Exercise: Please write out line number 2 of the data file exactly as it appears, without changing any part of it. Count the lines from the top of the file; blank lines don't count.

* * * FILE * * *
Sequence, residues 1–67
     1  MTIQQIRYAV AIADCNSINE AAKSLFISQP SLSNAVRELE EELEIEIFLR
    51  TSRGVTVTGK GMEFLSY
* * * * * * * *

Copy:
     1  MTIQQIRYAV AIADCNSINE AAKSLFISQP SLSNAVRELE EELEIEIFLR